SACRAMENTO, Calif. (AP) - Jaycee Dugard's alleged kidnappers went undetected for 18 years, a spokeswoman for California's inspector general said, and the office plans an investigation of the state's parole system "so that nothing like this happens again."
Phillip Garrido and his wife, Nancy, have been charged with kidnapping Dugard outside her South Lake Tahoe home in 1991, when she was 11.
Phillip Garrido was monitored by five or six parole agents during the 10 years he was under California's control as a convicted rapist, said Laura Hill, spokeswoman for Inspector General David Shaw. He previously was under federal parole supervision for eight years.
Authorities say Garrido hid Dugard the whole time in his backyard, where she stayed in a squalid encampment of tents and sheds at the Antioch home.
"We all are shaking our heads, saying the same thing: 'How did this happen?'" Hill said.
The inspector general is reviewing whether lapses in the state's parole system allowed the situation to go undetected, Hill said Tuesday, and a report will be completed within 30 days.
"We're not so much focused about what one parole officer did wrong, but what went wrong," Hill said. "So if there are changes to be made at the system level, the department knows what they are."
Dugard, now 29, resurfaced last month, along with two daughters allegedly fathered by Garrido. The Garridos have pleaded not guilty to charges.
Department of Corrections and Rehabilitation spokesman Oscar Hidalgo welcomed the external investigation, but said the department is conducting its own review.
"We're always going to look to see if there's any problems, even if we believe we're 100 percent right," Hidalgo said. "It would not be prudent of us not to follow up and make sure all of the processes were followed."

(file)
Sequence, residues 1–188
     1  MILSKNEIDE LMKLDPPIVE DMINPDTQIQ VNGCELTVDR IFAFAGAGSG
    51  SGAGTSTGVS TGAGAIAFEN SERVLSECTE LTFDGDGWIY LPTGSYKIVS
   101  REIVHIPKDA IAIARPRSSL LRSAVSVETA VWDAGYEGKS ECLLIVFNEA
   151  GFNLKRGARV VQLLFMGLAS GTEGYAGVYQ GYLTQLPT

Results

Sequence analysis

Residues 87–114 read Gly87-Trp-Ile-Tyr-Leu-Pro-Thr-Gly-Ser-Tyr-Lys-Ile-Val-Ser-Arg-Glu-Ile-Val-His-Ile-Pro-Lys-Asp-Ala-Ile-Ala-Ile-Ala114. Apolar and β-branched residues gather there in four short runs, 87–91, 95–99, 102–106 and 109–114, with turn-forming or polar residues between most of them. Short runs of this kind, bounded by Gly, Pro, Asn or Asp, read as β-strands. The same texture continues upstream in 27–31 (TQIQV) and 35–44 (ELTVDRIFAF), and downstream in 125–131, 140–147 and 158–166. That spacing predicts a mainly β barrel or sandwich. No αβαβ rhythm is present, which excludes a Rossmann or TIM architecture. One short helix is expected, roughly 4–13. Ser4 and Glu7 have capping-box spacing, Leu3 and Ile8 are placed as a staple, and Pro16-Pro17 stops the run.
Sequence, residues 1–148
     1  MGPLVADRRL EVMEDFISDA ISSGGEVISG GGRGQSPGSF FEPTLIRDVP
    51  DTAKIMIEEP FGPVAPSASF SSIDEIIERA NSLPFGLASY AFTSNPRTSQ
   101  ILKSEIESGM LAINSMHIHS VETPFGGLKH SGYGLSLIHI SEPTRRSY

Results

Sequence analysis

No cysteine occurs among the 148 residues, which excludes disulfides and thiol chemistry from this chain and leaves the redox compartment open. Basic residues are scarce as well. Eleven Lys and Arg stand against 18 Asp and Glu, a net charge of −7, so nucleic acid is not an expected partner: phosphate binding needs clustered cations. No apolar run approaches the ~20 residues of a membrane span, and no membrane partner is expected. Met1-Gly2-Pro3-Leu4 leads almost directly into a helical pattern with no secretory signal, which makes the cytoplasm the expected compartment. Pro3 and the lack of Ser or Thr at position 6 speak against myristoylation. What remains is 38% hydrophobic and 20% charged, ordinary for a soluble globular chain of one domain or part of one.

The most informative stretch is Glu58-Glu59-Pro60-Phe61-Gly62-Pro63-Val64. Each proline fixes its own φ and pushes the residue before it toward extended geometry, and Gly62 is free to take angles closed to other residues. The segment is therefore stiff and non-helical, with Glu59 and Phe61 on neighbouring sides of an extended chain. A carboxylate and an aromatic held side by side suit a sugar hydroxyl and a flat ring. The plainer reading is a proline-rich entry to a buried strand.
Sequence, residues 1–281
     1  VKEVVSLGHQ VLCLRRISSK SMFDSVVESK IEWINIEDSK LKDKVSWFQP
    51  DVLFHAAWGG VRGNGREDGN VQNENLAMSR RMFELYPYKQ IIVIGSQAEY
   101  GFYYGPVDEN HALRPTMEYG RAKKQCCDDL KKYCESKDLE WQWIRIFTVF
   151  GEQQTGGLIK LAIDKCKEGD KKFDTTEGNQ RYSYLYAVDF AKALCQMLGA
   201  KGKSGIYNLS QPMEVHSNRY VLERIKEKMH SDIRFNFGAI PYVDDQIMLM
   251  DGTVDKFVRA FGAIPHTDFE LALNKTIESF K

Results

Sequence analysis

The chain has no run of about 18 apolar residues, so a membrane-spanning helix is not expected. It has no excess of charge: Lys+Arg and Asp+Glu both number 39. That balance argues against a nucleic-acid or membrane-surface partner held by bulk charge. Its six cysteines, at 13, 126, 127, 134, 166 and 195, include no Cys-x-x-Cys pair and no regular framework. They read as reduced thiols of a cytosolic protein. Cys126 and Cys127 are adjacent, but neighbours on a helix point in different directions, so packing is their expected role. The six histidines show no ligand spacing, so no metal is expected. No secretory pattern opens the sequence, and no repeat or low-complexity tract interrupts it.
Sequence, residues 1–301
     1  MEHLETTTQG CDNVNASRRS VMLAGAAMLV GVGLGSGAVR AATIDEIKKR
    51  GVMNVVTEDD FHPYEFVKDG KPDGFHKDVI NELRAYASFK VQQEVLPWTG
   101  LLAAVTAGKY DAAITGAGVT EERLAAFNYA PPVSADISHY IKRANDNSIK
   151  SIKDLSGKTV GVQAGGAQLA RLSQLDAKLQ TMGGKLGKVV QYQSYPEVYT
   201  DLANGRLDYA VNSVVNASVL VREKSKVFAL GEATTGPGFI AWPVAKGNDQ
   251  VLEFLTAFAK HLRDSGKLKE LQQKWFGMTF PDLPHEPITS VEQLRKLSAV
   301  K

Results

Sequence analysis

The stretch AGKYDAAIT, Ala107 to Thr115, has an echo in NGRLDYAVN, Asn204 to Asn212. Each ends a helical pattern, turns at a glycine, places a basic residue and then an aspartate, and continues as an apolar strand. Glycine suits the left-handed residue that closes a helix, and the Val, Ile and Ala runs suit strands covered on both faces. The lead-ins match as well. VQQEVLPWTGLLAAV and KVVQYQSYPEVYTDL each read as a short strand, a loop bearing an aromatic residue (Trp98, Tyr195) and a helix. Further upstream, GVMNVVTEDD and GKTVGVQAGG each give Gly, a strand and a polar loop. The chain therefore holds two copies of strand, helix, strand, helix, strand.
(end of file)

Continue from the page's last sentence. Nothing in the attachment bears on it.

Hidalgo said it appears parole agents made the proper visits to Garrido's home for years without discovering the victim and her children hidden behind a second backyard fence. He credited Garrido's current parole agent with uncovering Dugard's identity after Garrido's behavior with his two daughters caught the attention of University of California, Berkeley campus police.
"We're looking at what the agent did very well, and what the agent did very well was he arrested this guy," Hidalgo said. "He followed up on his instincts. He attacked quite aggressively once his suspicions were aroused."
The department has denied public records requests by The Associated Press and other media for Garrido's full parole file, citing government codes and regulations and confidential information within the file.
Hidalgo said the department plans to release more parole information, however, in cooperation with prosecutors.
"We're balancing the criminal prosecution ... with what the public appetite is for this to be shared," he said.